Who’s responsible for the bonds? “The waste project has been paying off three bonds -the first one was issued in the name of Wheelabrator for $18.6 million - but it was a revenue bond, a distinction that could save the towns a lot of money, [Paul Ferber, who teaches bankruptcy law at Vermont Law School] said. The other two bond issues, both $2.5 million, were used to finance the construction of the project’s ash landfill. They were general obligation bonds, which are tied directly to the financial credit of the towns, Ferber noted. ‘The potential is there that the towns would have to turn around and face bond obligations,’ said Ferber, noting it depended on whether the creditor -Wheelabrator- wanted to play financial hardball. The impact of this could be very wide; there could be very, very deep ramifications for the towns,’ said Ferber.” -Rutland Daily Herald, VT, Sept. 17, 1993.

Police arrest two activists at the Project’s September meeting. While the 29-town member Project has had its disagreements with Wheelabrator over the years, they are minimal compared to the scrutiny the Project and Wheelabrator has faced for over 13 years from area residents. The incinerator opponents in Claremont are unique. Not only did they do everything they could to stop this incinerator from being built, they stayed with the issue as one of the most active watch-dog groups of any municipal incinerator in the United States. They have been exceptional. The investigation of the Claremont, N.H., incinerator now underway by the Vermont State Legislature is due to their hard work and efforts. Two members of the Claremont-area Working on Waste citizens group, Bill Gallagher of Cornish and John Tuthill of Acworth “were both arrested for refusing to leave the [Sept. 15] Project meeting after it had been closed to the public...Having objected to what they called the ‘illegality’ of a private meeting of the New Hampshire-Vermont Solid Waste Project, [they] now face charges of criminal trespass for their conscience...” -Eagle Times, September 16, 1993. According to John Tuthill the charges have been dropped to disorderly conduct. The Project has requested the State to drop all charges. The state has refused.

For more info. on the Claremont incinerator contact John Tuthill at 603-863-6366 or Katie Lajoie at 603-826-4803.


Cancer Incidence in a Population Accidentally
Exposed to 2,3,7,8-Tetrachlorodibenzo-para-dioxin,
by Pier Alberto Bertazzi, Angela C. Pestori, Dario Consonni, Adriana Tironi, Maria Teresa Landi, and Carol Zocchetti.

Published in the journal Epidemiology, September 1993, Volume 4, Number 5, pgs 398-406. Available for $12 from: (Also request editorial from the same issue)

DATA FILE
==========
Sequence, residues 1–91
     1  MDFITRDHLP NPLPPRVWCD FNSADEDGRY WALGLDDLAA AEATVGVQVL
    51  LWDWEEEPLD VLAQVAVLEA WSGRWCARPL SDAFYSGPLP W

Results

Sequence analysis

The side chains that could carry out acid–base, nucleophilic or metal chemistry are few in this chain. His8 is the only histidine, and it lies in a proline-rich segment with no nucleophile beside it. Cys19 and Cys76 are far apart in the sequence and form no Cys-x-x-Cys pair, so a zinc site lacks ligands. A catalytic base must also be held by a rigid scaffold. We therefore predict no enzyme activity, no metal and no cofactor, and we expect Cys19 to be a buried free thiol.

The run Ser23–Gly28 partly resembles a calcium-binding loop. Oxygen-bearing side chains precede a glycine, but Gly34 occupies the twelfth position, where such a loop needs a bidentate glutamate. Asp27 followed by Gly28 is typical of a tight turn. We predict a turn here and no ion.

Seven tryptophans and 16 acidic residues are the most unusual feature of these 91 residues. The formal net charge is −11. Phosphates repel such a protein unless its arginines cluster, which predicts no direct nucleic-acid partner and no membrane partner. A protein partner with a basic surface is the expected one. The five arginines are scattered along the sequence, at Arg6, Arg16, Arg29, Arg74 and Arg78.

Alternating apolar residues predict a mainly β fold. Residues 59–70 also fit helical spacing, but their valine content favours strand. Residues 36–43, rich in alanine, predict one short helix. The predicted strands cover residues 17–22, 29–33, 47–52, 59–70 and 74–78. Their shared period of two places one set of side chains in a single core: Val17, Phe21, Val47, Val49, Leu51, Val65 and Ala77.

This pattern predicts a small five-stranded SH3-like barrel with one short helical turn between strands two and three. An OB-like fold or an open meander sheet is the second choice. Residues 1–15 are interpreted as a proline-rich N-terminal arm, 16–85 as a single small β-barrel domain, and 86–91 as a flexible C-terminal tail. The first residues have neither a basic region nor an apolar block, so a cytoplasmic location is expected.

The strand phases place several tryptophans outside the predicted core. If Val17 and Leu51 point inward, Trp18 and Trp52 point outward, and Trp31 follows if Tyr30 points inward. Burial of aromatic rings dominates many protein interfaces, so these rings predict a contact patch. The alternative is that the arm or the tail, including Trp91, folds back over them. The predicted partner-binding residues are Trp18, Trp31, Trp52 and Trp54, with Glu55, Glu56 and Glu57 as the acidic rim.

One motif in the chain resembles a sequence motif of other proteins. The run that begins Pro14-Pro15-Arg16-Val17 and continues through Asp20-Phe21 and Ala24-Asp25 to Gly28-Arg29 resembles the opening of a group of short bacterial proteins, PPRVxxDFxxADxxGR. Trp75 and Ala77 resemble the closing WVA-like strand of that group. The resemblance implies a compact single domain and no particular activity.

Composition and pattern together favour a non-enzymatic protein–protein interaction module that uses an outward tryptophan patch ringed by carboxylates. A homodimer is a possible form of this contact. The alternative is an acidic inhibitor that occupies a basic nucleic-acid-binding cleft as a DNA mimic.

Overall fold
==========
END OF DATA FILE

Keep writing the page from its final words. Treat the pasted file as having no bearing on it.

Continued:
Williams & Wilkins, 428 E. Preston St, Baltimore, MD 21202. Tel: 1-800-354-9685. Fax 1-410-528-4312.

In July 1976 there was an explosion in an autoclave reactor at the Givaudan-owned ICMESA factory that manufactured trichlorophenol in Seveso, which is 30 miles north of Milan. Givaudan is owned by Swiss-based Hoffmann-La Roche. (Givaudan developed and patented hexachlorophene.) Two to three weeks after the explosion 726 people were evacuated from the most contaminated area. According to the Wall Street Journal, August 30, 1993: “Higher Cancer Rates Cited In Italian Dioxin Study. Leukemia, lymphoma and liver cancer are occuring at higher-than-normal rates in people exposed to a cloud of dioxin from a chemical-plant explosion in Italy 17 years ago, researchers have found. ‘We found a lot of cancer that was already known to be associated with dioxin,’ in laboratory studies and other research, said Dr. Adriana Tironi of the University of Milan, an author of a study covering the 10 years following the 1976 explosion in Seveso, Italy....The researchers determined the number of cancer cases in more than 36,000 people exposed to a form of dioxin known as TCDD. The researchers then compared that group with 180,000 people living nearby who weren’t exposed. Of the study group, the 4,824 people with moderate exposure to dioxin had 2.8 times the liver cancer risk of the unexposed population. The exposed group had 3.7 to 5.7 times the risk of leukemia and lymphoma, the researchers found. The 31,647 people with the smallest exposure had double the risk of non-Hodgkin’s lymphoma and 3.5 times the risk of soft-tissue sarcomas, which can occur at various places in the body...”

A note to our readers. We apologize for the long delay in publishing. In early August, Ellen’s mother, Mae, was diagnosed with pancreatic cancer that has spread to the liver. The last two months have been spent with Mae, who has now moved from New Jersey to our house.

WASTE NOT # 244. A publication of Work on Waste USA, published 48 times a year. Annual rates are: Groups & Non-Profits $50; Students & Seniors $35; Individual $40; Consultants & For-Profits $125; Canadian $US50; Overseas $65. Editors: Ellen & Paul Connett, 82 Judson Street, Canton, NY 13617. Tel: 315-379-9200. Fax: 315-379-0448.